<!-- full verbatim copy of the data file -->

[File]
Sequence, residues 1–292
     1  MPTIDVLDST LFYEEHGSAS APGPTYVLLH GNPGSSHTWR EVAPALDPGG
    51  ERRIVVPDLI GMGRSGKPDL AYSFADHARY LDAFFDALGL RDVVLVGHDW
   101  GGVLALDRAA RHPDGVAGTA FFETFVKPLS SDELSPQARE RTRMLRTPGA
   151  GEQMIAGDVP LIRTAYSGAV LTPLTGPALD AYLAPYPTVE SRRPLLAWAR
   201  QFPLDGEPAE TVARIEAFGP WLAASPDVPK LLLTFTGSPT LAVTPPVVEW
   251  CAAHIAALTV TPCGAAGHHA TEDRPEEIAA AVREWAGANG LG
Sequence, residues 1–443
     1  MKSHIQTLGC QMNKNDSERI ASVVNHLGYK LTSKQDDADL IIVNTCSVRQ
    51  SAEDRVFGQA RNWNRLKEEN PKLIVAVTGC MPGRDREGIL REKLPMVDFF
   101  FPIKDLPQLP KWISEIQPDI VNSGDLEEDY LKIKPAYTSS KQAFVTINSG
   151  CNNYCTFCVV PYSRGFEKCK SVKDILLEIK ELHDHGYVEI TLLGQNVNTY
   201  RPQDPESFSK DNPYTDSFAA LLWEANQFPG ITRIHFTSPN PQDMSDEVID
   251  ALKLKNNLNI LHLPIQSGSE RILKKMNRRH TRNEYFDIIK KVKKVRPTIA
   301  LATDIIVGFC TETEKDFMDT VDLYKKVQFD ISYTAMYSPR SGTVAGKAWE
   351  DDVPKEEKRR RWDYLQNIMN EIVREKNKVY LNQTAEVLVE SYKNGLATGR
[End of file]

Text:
Sequence, residues 1–292
     1  MPTIDVLDST LFYEEHGSAS APGPTYVLLH GNPGSSHTWR EVAPALDPGG
    51  ERRIVVPDLI GMGRSGKPDL AYSFADHARY LDAFFDALGL RDVVLVGHDW
   101  GGVLALDRAA RHPDGVAGTA FFETFVKPLS SDELSPQARE RTRMLRTPGA
   151  GEQMIAGDVP LIRTAYSGAV LTPLTGPALD AYLAPYPTVE SRRPLLAWAR
   201  QFPLDGEPAE TVARIEAFGP WLAASPDVPK LLLTFTGSPT LAVTPPVVEW
   251  CAAHIAALTV TPCGAAGHHA TEDRPEEIAA AVREWAGANG LG
Sequence, residues 1–443
     1  MKSHIQTLGC QMNKNDSERI ASVVNHLGYK LTSKQDDADL IIVNTCSVRQ
    51  SAEDRVFGQA RNWNRLKEEN PKLIVAVTGC MPGRDREGIL REKLPMVDFF
   101  FPIKDLPQLP KWISEIQPDI VNSGDLEEDY LKIKPAYTSS KQAFVTINSG
   151  CNNYCTFCVV PYSRGFEKCK SVKDILLEIK ELHDHGYVEI TLLGQNVNTY
   201  RPQDPESFSK DNPYTDSFAA LLWEANQFPG ITRIHFTSPN PQDMSDEVID
   251  ALKLKNNLNI LHLPIQSGSE RILKKMNRRH TRNEYFDIIK KVKKVRPTIA
   301  LATDIIVGFC TETEKDFMDT VDLYKKVQFD ISYTAMYSPR SGTVAGKAWE
   351  DDVPKEEKRR RWDYLQNIMN EIVREKNKVY LNQTAEVLVE SYKNGLATGR